RATHASPECK

From A Topographical Dictionary of Ireland, 1837

RATHASPECK, a parish, partly in the barony of BALLYADAMS, but chiefly in that of SLIEVEMARIGUE, QUEEN'S county, and province of LEINSTER, 5 miles (N. E.) from Castlecomer, on the road to Athy; containing 4032 inhabitants. This place derives its name, which signifies "the Bishop's Fort," from a rath near the old church. Here was anciently a small religious establishment, probably a cell to that on the townland of Clonpierce, about two miles distant: the foundation of both is attributed to the O'Mores. The parish is bounded on the south and south-west by the county of Kilkenny, and contains 8097 statute acres, as applotted under the tithe act. Here are the extensive coal mines of Doonane, worked by a company; they are drained by a steam engine, and supply stone coal to all parts of the surrounding country, which is principally conveyed by carriers. There are about five other works in the same range: the shafts are first sunk through clay, then succeeds a hard green rock, and next slaty strata, in contact with which is the coal: it is worked on either side by regular gangs, each member having a specific duty; the number of each gang is about thirty, and when the pit is double worked there are sixty; each crew works ten hours, but they are particularly observant of every kind of holiday. Gracefield is the seat of Mrs. Kavanagh; Corbally House, of the Rev. W. Pasley; and Inch, of W.Conner, Esq.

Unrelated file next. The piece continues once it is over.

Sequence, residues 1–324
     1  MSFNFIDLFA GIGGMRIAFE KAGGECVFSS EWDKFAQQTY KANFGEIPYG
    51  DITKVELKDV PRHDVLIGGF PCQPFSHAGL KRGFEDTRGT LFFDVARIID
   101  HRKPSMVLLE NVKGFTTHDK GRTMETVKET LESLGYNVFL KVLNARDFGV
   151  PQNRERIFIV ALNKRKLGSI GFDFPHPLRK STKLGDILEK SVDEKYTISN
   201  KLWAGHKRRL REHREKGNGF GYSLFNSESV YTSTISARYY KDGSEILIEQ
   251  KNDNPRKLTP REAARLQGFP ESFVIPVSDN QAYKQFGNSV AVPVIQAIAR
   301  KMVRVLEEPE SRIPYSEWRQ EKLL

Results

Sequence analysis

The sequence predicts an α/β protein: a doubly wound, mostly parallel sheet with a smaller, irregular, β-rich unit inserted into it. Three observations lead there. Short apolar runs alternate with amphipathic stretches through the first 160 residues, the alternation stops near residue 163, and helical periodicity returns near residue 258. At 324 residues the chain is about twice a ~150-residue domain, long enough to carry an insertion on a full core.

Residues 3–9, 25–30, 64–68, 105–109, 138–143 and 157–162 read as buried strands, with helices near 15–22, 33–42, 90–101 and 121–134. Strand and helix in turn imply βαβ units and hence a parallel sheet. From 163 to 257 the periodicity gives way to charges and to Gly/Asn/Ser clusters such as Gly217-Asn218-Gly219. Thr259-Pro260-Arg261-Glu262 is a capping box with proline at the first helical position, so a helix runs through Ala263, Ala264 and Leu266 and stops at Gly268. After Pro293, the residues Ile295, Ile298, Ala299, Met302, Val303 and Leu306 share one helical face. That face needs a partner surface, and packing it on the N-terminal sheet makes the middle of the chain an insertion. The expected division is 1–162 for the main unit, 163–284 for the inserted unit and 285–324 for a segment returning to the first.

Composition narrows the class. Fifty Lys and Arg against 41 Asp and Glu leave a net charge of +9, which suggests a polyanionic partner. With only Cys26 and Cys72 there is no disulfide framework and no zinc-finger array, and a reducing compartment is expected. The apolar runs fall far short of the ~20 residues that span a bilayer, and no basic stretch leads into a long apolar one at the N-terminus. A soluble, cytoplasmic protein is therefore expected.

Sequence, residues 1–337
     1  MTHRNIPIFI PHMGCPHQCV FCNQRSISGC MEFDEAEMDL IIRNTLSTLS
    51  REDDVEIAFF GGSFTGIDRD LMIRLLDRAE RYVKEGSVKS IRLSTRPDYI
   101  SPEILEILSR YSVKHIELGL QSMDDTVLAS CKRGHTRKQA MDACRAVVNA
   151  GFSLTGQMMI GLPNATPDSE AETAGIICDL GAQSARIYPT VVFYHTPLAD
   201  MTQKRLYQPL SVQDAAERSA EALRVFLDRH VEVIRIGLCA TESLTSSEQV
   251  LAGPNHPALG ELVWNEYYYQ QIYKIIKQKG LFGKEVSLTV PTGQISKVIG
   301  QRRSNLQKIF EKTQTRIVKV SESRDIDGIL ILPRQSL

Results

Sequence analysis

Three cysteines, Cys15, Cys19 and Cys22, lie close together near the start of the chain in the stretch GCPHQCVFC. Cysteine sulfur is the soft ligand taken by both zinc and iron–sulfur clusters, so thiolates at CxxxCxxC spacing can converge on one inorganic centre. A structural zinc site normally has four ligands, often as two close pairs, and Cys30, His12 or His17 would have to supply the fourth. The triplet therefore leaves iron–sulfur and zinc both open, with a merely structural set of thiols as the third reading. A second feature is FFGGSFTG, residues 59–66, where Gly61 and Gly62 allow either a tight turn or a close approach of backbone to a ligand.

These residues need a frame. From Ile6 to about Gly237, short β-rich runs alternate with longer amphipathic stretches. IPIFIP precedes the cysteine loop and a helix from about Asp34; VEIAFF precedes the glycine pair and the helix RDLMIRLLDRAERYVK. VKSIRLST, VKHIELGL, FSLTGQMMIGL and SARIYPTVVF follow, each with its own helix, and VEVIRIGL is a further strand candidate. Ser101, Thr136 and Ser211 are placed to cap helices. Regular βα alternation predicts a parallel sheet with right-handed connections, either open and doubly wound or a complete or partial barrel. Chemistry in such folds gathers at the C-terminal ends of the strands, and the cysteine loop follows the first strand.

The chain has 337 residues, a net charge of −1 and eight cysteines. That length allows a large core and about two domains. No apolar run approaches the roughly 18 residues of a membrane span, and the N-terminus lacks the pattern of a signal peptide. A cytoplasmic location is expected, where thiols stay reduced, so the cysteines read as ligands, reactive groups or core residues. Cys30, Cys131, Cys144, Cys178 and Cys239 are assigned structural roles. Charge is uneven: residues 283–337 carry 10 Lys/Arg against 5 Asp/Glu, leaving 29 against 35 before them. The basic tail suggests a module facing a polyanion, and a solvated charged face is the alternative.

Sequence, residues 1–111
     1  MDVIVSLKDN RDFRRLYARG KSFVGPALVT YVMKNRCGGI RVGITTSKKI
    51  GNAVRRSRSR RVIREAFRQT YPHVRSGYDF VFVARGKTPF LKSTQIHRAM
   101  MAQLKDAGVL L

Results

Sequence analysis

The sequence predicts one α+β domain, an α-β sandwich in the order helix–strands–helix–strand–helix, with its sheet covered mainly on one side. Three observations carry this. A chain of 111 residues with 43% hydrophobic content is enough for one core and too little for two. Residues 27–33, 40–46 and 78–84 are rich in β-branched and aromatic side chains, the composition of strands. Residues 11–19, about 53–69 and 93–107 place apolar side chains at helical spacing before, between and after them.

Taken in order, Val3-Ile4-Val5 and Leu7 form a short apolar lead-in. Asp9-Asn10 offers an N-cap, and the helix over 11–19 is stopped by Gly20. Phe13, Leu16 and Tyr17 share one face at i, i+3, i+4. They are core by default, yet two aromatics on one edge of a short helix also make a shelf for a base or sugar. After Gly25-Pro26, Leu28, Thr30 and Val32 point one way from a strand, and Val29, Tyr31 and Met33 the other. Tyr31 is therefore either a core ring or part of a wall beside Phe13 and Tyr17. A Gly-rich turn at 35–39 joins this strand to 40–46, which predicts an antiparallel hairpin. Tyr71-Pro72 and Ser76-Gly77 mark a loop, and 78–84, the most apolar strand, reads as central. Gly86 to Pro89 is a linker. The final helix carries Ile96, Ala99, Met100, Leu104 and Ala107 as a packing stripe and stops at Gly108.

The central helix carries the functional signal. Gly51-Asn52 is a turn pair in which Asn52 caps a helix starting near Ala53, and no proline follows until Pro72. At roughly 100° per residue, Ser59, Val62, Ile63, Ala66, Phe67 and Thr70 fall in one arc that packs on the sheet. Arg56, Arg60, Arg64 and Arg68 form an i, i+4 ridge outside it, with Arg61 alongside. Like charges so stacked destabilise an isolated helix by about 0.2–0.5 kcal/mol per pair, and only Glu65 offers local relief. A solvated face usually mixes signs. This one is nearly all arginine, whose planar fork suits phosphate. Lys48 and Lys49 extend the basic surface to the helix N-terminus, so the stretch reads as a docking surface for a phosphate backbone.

The living is a rectory and vicarage, in the diocese of Leighlin, and in the patronage of the Bishop: the tithes amount to £300. The church was built, in 1814, by aid of a gift of £220 from the late Board of First Fruits, and for its repair the Ecclesiastical Commissioners have lately granted £253.

In the R. C. divisions the parish is partly in the union or district of Mayo and Doonane, and partly in that of Ballyadams; it contains two chapels, one at Doonane, and the other at Wolfhill belonging to the union of Ballyadams. The parochial school, at Mullaghmore, is supported by £23 per annum from the incumbent; and there is a school at Gracefield, supported by Mrs. Kavanagh. In five private schools about 200 boys and 130 girls are taught; and there are two Sunday schools. The present church of Rathaspeck was erected out of the ruins of the ancient religious buildings, under the site of which there were formerly three vaulted chambers, in one of which was a well of the purest water. A tract of about 4 acres, contiguous to the church, has long been remarkable for the quantity of human bones found in it, which circumstance is traditionally accounted for by the ravages of a plague. About a quarter of a mile north of the church is Miltown castle, or Ballyvuilling, consisting of a square tower and some other remains of a fortified mansion of unknown antiquity, with a modern dwelling-house annexed: the surrounding fosses are now occupied by stagnant fish-ponds. Numerous relics of antiquity have been found, including ancient Anglo-Irish coins, a short sword of brass, and a brooch; and at Miltown castle spear-heads and other curiosities have been discovered.

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